Similar limitations occur using these adapters with modern rigs; on my GH3 with a 25mm prime, the LA7200 focuses both H & V at infinity wide open, but at three feet it needs to be stopped down to f/5.6 or smaller. In general, the closer you get to your subject, and the longer your lens, the more likely you are to run into the differential H & V focusing issue, and the more you have to stop down to avoid it. 

People using anamorphic adapters often work around this by attaching diopters (close-up lenses) to the front of the adapter, changing the diopter depending on the working distance. This, however, has its own drawbacks: more glass surfaces to flare and reduce contrast, more lens changing, and the substantial cost of large-diameter diopters and a mounting mechanism for them (the LA2700 has a squared-off hood with no filter attachments, and the 100mm+ diameter diopters required can easily run in the $300-$500 range).

Panasonic LA7200 adapter, Voigtlander Nokton 25mm, GH3 camera

Panasonic LA7200 adapter, Voigtlander Nokton 25mm, GH3 camera, and lots of gaffer tape to hold it all together.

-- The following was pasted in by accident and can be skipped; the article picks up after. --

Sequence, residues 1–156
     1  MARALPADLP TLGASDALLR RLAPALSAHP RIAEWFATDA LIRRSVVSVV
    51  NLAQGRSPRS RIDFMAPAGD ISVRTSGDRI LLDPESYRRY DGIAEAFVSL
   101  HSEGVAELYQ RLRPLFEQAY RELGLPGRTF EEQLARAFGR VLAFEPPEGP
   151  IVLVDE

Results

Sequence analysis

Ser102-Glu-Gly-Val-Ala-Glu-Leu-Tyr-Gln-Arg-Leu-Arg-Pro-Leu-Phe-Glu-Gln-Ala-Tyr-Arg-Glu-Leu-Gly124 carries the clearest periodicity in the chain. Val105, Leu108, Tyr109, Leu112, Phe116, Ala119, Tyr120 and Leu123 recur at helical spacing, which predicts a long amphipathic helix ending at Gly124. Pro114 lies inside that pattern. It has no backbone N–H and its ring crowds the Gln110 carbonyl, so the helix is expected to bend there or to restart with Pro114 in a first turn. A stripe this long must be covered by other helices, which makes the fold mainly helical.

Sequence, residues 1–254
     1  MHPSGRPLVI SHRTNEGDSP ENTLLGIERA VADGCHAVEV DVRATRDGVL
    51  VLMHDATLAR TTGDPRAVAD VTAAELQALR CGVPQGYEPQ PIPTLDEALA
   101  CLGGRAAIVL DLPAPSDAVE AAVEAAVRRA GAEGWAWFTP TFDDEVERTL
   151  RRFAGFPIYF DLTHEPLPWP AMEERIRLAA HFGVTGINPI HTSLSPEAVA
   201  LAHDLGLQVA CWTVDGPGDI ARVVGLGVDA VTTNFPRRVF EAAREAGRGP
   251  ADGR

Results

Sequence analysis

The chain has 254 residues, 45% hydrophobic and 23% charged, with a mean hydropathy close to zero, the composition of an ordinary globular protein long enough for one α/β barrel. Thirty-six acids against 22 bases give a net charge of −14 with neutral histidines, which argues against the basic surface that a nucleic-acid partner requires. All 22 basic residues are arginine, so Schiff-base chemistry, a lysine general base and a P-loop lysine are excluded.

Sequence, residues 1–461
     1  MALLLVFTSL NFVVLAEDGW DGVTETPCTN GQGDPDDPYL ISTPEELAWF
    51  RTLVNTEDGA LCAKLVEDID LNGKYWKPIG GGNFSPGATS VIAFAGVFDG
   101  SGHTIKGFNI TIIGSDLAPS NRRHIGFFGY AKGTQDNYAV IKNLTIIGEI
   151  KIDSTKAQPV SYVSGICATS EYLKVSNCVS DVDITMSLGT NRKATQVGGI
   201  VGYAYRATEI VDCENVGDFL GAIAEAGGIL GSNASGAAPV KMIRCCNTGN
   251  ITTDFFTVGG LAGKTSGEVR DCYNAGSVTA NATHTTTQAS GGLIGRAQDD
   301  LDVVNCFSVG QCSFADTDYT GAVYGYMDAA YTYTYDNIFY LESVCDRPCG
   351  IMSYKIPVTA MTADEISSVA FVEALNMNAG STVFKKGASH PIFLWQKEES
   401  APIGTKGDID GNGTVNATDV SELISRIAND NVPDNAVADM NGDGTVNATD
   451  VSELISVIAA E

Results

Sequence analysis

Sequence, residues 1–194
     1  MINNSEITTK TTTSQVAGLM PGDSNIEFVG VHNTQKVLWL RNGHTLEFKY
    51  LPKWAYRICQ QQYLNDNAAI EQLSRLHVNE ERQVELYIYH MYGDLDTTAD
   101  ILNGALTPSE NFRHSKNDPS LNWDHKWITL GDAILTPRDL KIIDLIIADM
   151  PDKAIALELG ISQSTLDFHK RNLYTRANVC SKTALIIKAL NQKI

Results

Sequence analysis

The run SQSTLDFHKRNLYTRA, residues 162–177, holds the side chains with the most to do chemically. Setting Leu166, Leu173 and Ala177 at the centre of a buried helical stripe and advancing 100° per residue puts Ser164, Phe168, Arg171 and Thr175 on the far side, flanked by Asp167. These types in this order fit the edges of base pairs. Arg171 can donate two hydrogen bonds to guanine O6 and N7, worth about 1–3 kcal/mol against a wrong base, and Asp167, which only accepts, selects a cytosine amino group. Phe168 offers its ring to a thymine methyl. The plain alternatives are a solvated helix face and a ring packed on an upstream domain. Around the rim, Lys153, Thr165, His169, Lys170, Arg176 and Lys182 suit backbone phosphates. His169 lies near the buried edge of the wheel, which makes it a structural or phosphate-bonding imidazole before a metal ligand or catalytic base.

Art Adams has an excellent article on working with traditional 2:1 'scope anamorphics; well worth the side trip to read before proceeding.


SLR Magic is a Hong Kong outfit best known for their NOKTOR micro-four-thirds and E-mount ultra-wide-aperture primes ("HyperPrimes"). They sell lenses directly and through a limited number of distributors, including Adorama in the USA.

The ANAMORPHOT 1,33x 50 is a new adapter, still in prototype form. Andrew Chan, the lens's designer, is on a trip through the western US with this lens. He stopped off briefly to show it to Art Adams and me, and we put it on my GH3 for a quick look.

Bear in mind that this is a hand-built prototype. While the general design is in place, the details aren't. Construction materials, fit-and-finish, markings, clamping hardware, lens coatings, and flare characteristics are all still subject to change. This is a preview, not a review: think of it as a sneak peek at a work in progress, not an analysis of a finished product.

SLR Magic ANAMORPHOT 1,33x 50

SLR Magic ANAMORPHOT 1,33x 50

The adapter is a compact unit with a 62mm native thread and a custom 52mm adapter ring. The ring is scalloped to allow a better grip when mounting it or removing it. No other adapter rings are currently planned.

The lens it's fitted to should have a front element diameter smaller than 50mm or vignetting is likely, as the adapter's rear element (or its clean aperture, at least) is 50mm. Also note that the weight of the adapter makes it unsuitable for direct attachment to most servo-focus primes as the load on the focusing mechanism would be excessive. 

Looking through the lens you can see the 1.33x squeeze.

Looking through the lens you can see the 1.33x squeeze.

This is what an anamorphic does: light passed through is squeezed horizontally, but not vertically. Cylindrical elements make the magic happen.



Next: the ANAMORPHOT on a camera; sample images; tests on various lenses.